White House press secretary Jay Carney said Sunday things were lining up for Congress to pass immigration reform in 2014.


“I think there is reason to believe that the prospects for passing comprehensive immigration reform through Congress so that it reaches the president’s desk are better in 2014 than they have ever been,” he said in an interview with Univision News.

House Republican leaders are drafting principles for overhauling the country’s immigration laws that could lead to legislative proposals. However, those proposals are expected to fall well short of what Democrats and liberal activists would like to see.

The GOP principles are expected to call for a path to legalization, but not full citizenship, for many of the nation’s estimated 11 million illegal immigrants. Republicans are also likely to call for strengthened border measures, a guest-worker program and an enhanced citizenship verification system for employers.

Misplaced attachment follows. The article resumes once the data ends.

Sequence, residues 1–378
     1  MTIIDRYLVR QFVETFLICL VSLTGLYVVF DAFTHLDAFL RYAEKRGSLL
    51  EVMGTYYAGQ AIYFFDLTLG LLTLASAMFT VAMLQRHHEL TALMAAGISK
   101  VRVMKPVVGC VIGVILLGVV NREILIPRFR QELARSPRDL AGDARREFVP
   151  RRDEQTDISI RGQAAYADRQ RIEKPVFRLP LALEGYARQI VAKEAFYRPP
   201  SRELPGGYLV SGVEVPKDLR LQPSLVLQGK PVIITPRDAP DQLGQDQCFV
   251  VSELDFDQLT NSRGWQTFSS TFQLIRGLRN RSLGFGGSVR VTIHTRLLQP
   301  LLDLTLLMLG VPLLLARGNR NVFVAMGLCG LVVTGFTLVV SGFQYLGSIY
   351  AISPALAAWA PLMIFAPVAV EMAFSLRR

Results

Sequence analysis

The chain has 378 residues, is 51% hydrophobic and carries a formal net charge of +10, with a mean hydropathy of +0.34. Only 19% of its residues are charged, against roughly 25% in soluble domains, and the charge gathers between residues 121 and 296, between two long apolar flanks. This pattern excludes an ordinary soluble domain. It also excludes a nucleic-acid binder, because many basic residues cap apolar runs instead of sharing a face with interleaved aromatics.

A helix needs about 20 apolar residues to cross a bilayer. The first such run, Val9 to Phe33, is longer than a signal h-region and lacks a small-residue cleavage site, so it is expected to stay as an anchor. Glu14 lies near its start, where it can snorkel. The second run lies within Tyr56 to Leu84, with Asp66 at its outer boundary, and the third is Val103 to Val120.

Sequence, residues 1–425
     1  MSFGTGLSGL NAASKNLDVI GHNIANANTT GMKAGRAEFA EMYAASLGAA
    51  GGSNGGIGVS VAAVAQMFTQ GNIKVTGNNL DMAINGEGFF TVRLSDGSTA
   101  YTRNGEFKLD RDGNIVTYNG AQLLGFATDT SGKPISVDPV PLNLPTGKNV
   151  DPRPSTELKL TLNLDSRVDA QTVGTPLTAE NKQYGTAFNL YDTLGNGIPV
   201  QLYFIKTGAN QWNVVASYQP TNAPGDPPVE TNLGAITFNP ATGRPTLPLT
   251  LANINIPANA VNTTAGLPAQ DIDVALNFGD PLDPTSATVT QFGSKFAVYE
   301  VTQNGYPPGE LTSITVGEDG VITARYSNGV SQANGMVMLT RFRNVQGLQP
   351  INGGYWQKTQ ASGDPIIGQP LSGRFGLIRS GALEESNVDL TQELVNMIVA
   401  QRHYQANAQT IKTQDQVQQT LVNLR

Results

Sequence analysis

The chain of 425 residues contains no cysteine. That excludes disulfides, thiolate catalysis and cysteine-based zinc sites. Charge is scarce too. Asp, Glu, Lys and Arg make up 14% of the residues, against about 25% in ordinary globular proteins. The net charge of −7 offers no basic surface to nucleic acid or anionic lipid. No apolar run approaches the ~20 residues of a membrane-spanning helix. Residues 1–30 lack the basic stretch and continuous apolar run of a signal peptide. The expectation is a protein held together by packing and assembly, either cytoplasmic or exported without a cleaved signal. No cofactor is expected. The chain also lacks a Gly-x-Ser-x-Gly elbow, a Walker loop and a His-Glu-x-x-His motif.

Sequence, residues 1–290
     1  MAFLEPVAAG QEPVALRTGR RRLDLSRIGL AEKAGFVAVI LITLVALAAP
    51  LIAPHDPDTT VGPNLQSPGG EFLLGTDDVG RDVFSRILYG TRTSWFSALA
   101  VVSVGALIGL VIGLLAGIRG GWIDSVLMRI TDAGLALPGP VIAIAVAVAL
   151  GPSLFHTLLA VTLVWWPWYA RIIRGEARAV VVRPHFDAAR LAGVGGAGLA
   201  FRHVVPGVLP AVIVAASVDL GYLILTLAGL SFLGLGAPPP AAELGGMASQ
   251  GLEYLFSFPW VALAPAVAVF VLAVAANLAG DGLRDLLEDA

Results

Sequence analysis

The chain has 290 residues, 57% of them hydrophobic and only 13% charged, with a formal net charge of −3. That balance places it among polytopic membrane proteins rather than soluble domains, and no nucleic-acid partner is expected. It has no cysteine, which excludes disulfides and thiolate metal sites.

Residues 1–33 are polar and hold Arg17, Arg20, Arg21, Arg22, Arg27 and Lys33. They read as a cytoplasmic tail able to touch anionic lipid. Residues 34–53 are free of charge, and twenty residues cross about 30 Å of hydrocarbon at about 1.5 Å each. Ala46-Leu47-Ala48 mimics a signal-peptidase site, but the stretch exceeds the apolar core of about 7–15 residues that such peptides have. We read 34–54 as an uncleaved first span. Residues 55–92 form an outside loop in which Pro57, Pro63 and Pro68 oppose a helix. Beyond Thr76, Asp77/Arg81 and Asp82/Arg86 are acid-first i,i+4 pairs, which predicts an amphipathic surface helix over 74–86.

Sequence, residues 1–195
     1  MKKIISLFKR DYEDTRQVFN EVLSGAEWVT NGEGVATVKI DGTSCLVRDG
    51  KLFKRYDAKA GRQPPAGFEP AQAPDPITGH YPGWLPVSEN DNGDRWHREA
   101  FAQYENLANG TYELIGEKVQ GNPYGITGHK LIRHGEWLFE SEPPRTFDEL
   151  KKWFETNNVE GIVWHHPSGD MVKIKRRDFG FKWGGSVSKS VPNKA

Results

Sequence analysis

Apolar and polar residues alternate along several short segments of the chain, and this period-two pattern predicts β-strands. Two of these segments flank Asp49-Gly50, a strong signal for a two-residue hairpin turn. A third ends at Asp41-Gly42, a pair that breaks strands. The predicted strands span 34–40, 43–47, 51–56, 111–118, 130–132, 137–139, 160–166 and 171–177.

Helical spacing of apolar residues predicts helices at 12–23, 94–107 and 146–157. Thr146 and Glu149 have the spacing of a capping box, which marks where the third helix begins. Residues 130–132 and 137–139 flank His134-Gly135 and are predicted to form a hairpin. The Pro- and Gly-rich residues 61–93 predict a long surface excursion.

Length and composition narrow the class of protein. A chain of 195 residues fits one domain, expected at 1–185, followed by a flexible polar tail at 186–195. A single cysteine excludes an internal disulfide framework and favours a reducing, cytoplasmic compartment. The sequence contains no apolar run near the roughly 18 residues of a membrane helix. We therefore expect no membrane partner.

“We’re not there yet,” Carney said.

“We hope the House will take action,” he continued. “We’ve seen statements by House Republican leaders, a discussion about how they were going to put forward their principles on immigration reform. And we see that as a positive.”

While Republicans have some incentive to act on immigration reform to repair their standing with Latino voters, it remains a heavy lift in an election year.

“We certainly believe that there are a number of Republicans who understand that this is the right thing to do for our economy,” Carney said.

For the second consecutive year, immigrants living in the U.S. illegally will be in the chamber for President Obama’s State of the Union address on Tuesday.